After years of development researchers at RMIT are one step closer to bringing their revolutionary gas measuring capsule to market following a new agreement with health tech company Atmo Biosciences that paves the way for technology enhancements and final human trials.
A variety of different gas byproducts are created when the microbes in our gut break down food. Measuring these gases can offer clinicians a valuable tool in understanding the health of our gastrointestinal system. These gaseous biomarkers can signal the presence of gut disorders such as inflammatory bowel disease (IBD) and ulcerative colitis.
Currently, other than an invasive tube insertion, the only way to test for these gases is by breath measurements. This, of course, results in incredibly diluted samples and often inconsistent results.
"We know breath tests suffer from high rates of false positive and false negative diagnoses and we know that gas concentrations in the gut are up to 10,000 times higher than those in the breath," explains Kyle Berean, one of the researchers developing the capsule.
The new Atmo gas capsule offers an entirely novel and non-invasive way to test a patient's gastrointestinal system. The capsule, already proving safe and effective in early human trials, is swallowed with a standard meal. It then continuously transmits data to an external small receiver until it is expelled. The data is transferred from the receiver to a smartphone app via Bluetooth allowing a physician to instantly monitor the results.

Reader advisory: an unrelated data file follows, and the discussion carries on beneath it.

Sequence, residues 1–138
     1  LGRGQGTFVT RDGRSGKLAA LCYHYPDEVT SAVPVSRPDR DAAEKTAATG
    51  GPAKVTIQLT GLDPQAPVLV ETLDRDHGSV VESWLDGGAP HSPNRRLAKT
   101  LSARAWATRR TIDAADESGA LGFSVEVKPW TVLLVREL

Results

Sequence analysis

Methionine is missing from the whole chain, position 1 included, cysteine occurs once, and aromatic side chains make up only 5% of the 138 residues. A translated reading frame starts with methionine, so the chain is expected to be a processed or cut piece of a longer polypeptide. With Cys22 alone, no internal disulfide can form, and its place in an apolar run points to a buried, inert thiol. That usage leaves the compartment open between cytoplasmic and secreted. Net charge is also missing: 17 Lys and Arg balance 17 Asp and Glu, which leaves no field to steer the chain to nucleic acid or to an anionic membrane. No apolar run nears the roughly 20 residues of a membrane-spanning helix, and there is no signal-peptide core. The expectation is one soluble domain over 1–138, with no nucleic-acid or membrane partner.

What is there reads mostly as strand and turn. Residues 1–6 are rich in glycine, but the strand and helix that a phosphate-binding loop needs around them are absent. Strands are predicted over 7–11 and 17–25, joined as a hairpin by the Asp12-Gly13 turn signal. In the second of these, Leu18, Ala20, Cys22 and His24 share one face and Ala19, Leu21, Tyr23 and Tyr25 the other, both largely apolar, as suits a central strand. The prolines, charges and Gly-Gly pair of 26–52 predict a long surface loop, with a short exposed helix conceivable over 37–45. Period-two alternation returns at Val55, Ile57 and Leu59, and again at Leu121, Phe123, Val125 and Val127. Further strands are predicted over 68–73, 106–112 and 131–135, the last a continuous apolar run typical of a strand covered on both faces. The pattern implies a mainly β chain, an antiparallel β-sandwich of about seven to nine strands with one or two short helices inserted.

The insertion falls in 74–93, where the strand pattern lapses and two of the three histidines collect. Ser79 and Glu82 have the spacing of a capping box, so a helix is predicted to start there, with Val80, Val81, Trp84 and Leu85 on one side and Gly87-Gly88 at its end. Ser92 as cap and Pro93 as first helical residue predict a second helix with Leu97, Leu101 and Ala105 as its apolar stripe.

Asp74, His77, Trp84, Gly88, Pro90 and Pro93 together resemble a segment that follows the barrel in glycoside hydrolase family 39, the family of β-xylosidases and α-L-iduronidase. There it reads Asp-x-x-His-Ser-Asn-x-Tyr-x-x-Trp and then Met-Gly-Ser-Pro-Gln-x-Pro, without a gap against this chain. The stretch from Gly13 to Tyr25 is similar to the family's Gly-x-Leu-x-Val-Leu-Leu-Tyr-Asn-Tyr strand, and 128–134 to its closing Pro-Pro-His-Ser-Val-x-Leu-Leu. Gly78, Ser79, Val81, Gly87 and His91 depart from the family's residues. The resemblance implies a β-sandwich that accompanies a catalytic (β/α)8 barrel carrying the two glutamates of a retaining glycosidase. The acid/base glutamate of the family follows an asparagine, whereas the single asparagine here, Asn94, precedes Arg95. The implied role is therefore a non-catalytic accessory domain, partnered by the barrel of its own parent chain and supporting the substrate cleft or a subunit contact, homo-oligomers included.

"By measuring the hydrogen, carbon dioxide and oxygen produced by the gut directly at the source, our capsule offers vastly more accurate results and unprecedented signal to noise ratios, compared with breath testing," says Berean.
Current trials suggest the capsule is a remarkable 3,000 times more accurate than a breath test and the researchers are confident the range of gases and compounds that can be measured could greatly expand in the future. Measurements of short chain fatty acids, for example, could be included offering an incredibly valuable and unique insight into the functioning of a person's gut microbiome.
The new partnership with Atmo Biosciences is designed to help accelerate commercial development of the capsule, rapidly progressing the innovation through final human trials and bringing the device to market. At this stage it is estimated the Atmo gas capsule could be in the hands of doctors – or more accurately the guts of patients – by 2022.
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